MEGADETH: SHAWN DROVER's Guide To Thrash Drumming

MusicRadar.com recently conducted an interview with MEGADETH drummer Shawn Drover. A couple of excerpts from the chat follow below.

MusicRadar.com: What were your thoughts on thrash as it first developed?

Drover: "Obviously double bass drum and all that speedy stuff was defined around the time that thrash started. Dave Lombardo [SLAYER], Gar Samuelson [former MEGADETH drummer], Lars Ulrich [METALLICA] and Charlie Benante [ANTHRAX] were the four pioneers of all of that. They were making the heaviest music on the planet."

MusicRadar.com: What particular skills are required for that style of drumming?

Drover: "It requires a lot of patience and a lot of practice. You can't just say 'I'm playing at 160bpm now,' which at the time was incredibly fast. It's always good to practice to a metronome. It's not too expensive to get that stuff nowadays. If you're playing at that velocity you want to keep steady because the faster it is, the harder it is for the guitarist and bassist to play all of those wacky notes. MEGADETH is a good example of that, there's so many notes going on. If you play too fast things can really sound like havoc."

MusicRadar.com: Is pacing a key aspect?

Drover: "A lot of young drummers, especially back in the day, had that runaway train syndrome where they'd start fast and by the end of the song it'd be just so fast. It's kinda cool in the spirit of punk and thrash I guess, but with MEGADETH there's so much precision, you need to deliver and develop a solid meter. As well as working on your chops, the ride, the double bass and all that stuff."

MusicRadar.com: How do you think thrash has progressed in the last 25 years?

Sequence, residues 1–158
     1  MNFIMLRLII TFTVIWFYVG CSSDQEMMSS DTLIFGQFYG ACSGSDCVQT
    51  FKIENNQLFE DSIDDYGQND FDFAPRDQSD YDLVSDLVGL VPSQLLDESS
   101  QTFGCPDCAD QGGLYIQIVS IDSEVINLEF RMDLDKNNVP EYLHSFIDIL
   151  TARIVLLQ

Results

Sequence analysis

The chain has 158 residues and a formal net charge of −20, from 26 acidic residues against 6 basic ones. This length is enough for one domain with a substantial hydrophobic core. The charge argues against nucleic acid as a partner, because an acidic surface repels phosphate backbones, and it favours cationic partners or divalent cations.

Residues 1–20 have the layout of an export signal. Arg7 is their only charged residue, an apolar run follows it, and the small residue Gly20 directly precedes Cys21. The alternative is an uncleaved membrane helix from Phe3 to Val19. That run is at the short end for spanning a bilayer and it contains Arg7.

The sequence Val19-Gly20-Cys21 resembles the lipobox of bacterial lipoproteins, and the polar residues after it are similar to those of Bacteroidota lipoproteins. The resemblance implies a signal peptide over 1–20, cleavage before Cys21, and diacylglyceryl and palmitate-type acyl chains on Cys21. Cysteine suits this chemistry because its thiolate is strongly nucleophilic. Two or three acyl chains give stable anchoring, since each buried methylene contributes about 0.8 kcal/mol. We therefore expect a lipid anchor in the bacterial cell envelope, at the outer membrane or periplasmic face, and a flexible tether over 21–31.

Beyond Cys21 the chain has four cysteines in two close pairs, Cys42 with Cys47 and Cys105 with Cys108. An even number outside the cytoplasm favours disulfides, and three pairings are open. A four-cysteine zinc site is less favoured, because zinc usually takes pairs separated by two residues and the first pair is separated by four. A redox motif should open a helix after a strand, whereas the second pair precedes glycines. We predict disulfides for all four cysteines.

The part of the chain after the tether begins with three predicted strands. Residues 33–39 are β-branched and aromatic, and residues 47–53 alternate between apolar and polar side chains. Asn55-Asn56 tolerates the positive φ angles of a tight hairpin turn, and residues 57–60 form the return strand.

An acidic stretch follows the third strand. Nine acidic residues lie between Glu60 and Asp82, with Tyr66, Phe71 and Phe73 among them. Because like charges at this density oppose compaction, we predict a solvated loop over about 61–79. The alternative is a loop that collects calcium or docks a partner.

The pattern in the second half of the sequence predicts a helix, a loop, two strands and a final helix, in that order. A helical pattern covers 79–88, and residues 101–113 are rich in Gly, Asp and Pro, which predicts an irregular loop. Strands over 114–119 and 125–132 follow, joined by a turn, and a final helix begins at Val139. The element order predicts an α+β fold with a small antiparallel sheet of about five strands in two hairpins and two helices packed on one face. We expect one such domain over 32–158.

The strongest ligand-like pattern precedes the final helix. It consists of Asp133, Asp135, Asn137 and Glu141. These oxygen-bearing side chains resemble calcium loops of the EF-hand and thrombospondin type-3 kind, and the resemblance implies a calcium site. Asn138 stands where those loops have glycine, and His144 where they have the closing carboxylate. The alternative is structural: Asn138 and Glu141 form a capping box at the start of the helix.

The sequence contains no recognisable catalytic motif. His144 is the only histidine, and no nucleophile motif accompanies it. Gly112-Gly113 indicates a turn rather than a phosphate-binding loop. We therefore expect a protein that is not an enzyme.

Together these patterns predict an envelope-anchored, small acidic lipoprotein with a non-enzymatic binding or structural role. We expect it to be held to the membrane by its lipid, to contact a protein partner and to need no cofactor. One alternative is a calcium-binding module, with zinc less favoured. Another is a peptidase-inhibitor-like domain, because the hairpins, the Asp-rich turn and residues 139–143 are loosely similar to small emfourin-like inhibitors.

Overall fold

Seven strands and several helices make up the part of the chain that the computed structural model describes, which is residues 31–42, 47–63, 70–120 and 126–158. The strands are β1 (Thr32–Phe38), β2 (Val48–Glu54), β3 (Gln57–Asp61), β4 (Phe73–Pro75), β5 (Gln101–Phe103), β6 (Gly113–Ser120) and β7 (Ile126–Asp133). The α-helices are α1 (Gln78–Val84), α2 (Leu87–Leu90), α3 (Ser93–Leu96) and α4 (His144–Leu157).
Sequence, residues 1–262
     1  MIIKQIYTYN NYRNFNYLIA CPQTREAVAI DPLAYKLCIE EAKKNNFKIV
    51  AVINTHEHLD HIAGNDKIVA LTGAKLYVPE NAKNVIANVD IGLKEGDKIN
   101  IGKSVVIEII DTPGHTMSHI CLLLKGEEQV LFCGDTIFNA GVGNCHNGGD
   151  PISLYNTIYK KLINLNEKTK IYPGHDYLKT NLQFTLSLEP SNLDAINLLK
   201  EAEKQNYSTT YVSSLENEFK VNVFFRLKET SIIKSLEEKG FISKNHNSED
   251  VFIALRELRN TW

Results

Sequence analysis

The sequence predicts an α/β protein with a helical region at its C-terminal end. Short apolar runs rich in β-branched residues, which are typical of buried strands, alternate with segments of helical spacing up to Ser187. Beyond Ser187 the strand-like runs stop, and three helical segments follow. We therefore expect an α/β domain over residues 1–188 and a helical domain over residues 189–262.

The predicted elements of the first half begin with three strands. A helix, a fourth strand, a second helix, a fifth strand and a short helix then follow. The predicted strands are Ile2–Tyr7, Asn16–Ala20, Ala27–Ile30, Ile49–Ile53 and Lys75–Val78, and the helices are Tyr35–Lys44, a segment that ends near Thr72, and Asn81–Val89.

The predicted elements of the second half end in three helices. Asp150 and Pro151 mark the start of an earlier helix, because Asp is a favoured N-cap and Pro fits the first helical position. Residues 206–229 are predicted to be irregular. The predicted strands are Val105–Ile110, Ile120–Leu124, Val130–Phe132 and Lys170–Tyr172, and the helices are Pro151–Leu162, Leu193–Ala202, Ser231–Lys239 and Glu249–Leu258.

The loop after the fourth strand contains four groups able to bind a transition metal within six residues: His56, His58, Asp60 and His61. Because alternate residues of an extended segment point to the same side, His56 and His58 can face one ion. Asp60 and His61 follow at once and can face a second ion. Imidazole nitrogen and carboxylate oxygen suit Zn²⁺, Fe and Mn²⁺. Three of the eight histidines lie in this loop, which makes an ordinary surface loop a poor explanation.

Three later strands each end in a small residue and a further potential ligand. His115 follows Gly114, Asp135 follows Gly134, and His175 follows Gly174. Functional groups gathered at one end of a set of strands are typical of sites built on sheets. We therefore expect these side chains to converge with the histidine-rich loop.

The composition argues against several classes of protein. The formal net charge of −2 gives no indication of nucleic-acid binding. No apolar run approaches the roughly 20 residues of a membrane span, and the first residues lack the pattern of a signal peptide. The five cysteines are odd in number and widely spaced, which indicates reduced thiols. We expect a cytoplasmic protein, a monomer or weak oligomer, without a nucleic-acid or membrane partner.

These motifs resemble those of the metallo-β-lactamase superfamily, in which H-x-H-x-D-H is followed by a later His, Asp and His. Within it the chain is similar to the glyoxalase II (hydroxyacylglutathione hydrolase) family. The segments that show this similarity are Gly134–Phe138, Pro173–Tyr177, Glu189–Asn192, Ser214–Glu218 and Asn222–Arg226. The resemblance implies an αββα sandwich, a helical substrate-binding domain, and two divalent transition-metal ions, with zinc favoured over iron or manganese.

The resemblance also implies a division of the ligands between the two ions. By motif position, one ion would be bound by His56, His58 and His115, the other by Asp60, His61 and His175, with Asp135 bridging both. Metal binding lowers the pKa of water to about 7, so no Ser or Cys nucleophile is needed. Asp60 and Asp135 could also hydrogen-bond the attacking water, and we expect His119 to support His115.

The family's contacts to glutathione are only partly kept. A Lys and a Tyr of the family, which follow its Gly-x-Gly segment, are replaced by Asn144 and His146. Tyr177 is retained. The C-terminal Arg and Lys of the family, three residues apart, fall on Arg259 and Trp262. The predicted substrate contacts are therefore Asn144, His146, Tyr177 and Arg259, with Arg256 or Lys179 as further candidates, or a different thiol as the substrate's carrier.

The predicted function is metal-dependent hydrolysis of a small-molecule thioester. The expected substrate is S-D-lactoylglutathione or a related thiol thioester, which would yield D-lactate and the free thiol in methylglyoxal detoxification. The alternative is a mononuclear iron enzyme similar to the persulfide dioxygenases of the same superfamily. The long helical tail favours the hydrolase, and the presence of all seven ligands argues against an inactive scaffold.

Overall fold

Drover: "These days the bands are playing so fast that it's mind-boggling. I couldn't even fathom doing that. I have no interest in it because that's not what I do, but my hat goes off to them. These kids in the young bands must practice a hell of a lot more than I do!"

MusicRadar.com: Is speed the key progression?

Drover: "It's certainly a speed progression. I love it, it's how they express themselves. Speed equals aggression in a lot of cases and the big four pioneered that. What you hear now started with those four bands. I think a lot of it's great but I wouldn't want to go through the workout to play at 250bpm."

MusicRadar.com: Is there much adjustment needed in your natural style when playing songs from around the start of thrash?

Drover: "Yeah, it takes a lot of practice to play that stuff. You can't just jump on and pull it off with no rehearsal. When we're playing 'Rust In Peace', we refine it backstage and even now I listen to the record and think, 'I don't play that fill like that!" It's work but the pay-off is great. Nothing worth having is easy, else we'd all be brain surgeons!"

Read the entire interview at MusicRadar.com.

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